Households sick of the sight of turkey after the Christmas binge feasted on pizza, according to figures from the leading delivery chain Domino's.
Concerns over consumer spending did little to dent sales at Domino's, which reported a 17.6 per cent jump in like-for-like sales over the six weeks to 30 December as the group benefited from increased internet sales. Over the year, like-for-like sales grew 14.7 per cent.
The home delivery market is worth £1.2bn, and Domino's accounts for one in seven of every meal delivered, which means it is well placed for expansion in the sector.
Its chief executive Chris Moore, who moved up from his position as deputy chief executive in a management reshuffle at the end of last year, said the key factor in Domino's continuing dominance was cutting preparation times down to ensure that all pizzas are delivered in under 30 minutes.
"It is about great-tasting pizza delivered on time," he said. "At that 30-minute point hunger turns to anger."
Mr Moore said Domino's has worked with its 147 franchisees to slice "out the door times", which means drivers have enough time to deliver onschedule.
The internet is also a driver of growth. E-commerce sales grew 102 per cent in the six-week Christmas period, while total online sales grew 60.5 per cent over the year to 32.2m.
Mr Moore said the company had increased its online marketing budget this year, which meant there were more links to Domino's. As people spent more time online Christmas shopping, they were much more likely to order a pizza over the internet than last year.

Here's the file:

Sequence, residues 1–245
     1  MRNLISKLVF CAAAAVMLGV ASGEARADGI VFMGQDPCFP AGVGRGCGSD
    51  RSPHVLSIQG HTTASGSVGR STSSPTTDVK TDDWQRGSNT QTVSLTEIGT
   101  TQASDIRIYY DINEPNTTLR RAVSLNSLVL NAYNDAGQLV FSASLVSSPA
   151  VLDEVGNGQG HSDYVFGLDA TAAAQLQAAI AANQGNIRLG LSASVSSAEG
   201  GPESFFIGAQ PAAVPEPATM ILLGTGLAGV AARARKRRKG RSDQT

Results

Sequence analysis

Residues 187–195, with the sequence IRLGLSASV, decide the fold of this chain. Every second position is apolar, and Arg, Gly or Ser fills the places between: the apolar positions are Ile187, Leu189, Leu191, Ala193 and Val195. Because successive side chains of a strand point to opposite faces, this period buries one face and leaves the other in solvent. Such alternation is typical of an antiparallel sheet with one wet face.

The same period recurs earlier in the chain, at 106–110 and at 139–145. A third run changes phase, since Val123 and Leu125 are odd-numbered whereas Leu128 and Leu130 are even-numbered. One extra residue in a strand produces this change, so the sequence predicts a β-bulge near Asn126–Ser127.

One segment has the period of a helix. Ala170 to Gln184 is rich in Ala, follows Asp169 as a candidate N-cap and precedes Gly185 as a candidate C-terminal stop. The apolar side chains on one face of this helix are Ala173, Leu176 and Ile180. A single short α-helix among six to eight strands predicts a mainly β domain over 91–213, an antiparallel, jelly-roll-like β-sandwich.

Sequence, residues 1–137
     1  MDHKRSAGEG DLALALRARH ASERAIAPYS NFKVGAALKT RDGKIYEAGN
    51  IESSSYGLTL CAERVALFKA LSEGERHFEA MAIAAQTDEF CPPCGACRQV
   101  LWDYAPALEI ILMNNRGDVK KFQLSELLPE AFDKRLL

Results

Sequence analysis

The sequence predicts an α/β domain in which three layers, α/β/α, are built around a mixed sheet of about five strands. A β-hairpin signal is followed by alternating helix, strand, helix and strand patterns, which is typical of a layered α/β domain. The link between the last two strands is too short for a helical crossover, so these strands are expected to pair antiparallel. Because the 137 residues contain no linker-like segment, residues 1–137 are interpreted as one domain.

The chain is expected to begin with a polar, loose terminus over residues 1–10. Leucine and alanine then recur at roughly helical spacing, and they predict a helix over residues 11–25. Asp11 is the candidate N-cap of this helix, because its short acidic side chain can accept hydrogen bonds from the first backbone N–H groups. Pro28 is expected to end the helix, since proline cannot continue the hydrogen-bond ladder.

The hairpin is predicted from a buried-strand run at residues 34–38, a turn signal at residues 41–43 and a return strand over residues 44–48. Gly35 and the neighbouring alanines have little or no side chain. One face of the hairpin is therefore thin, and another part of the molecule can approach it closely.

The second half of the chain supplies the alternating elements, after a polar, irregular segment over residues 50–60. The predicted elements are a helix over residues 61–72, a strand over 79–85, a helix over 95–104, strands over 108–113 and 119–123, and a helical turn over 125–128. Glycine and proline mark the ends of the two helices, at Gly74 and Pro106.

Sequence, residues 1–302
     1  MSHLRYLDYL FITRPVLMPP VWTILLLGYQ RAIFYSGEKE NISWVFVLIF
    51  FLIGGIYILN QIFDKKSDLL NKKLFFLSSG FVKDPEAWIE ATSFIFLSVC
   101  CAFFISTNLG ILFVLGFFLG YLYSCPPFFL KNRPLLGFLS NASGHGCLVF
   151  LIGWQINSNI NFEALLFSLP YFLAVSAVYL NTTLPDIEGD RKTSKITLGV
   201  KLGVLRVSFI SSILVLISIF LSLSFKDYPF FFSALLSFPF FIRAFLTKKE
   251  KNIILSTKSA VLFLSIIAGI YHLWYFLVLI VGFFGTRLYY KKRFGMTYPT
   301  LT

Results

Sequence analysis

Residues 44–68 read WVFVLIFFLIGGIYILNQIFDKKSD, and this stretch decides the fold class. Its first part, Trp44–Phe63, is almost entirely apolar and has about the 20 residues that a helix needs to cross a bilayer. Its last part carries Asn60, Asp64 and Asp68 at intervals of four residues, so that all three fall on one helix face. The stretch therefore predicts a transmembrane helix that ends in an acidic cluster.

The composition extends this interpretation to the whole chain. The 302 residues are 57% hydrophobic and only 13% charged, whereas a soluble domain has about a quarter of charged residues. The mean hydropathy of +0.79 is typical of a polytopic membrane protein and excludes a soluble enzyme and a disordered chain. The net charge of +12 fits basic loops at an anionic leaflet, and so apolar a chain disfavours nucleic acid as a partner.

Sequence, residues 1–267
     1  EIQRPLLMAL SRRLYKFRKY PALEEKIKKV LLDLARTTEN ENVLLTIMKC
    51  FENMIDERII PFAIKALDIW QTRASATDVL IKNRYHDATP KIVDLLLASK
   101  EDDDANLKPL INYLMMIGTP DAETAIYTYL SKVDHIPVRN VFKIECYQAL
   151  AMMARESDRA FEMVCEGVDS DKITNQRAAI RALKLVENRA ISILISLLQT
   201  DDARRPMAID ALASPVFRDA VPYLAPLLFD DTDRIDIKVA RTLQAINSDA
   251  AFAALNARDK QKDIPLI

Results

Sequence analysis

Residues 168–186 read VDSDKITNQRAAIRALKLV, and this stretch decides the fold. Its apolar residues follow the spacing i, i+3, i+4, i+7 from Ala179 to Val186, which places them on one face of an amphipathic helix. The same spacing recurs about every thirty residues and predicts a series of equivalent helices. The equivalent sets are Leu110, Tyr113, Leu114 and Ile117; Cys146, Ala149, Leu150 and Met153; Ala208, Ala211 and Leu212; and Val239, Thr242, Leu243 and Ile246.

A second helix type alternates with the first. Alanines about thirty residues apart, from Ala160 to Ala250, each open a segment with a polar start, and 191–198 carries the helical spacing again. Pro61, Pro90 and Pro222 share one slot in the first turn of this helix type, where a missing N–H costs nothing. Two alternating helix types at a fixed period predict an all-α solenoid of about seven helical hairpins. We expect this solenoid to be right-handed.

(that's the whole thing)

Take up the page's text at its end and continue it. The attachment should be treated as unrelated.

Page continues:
Furthermore, Domino's is more resilient than many restaurateurs and retailers to the consumer slowdown. When times are tight households are likely to cut down on the number of meals out but may order a takeaway instead.
Another factor in Domino's success has been its clever association with the hugely popular cartoon The Simpsons, which the company has been sponsoring since 1997. Although a ban on advertising fatty foods to children meant Domino's is no longer able to advertise its pizzas via The Simpsons, it is still able to advertise its brand.
All of the company's franchisees must contribute to the national advertising pot with an amount equivalent to 5 per cent of sales. This means the higher the turnover, the higher the marketing budget. Mr Moore said next year's spend willincrease to 17.5m from 14m.
Domino's currently operates from 501 stores with a ratio of 3.1 stores to each franchisee. Its aim is to get this to five stores for every franchisee by encouraging the more successful ones to take on more sites. It hopes to have 1,000 stores within 10 years.
Analysts were busy revising their forecasts for the chain yesterday. Douglas Jack, at Panmure Gordon, upgraded forecasts by 4 per cent, and is now predicting a pre-tax profit of £18.4m for 2007.
Although Domino's had to factor the spiralling cost of cheese into its retail prices from November after the cost of mozzarella cheese increased by more than $1,000 a tonne it appears to have had little effect on the consumer's appetite for its pizzas.
The company regularly introduces new pizzas to bring new customers in, but its top-selling pizzas remain the Pepperoni Passion and the Texas BBQ.
Elsewhere, the Co-operative, which merged with United Co-operatives in July to form the world's largest co-operative, reported a strong Christmas trading period, with like-for-like sales up 3.4 per cent. This marks the company's eighth successive quarter of growth. Fairtrade products, British Freedom Turkeys and own-brand products all sold well, the company said.Reuse content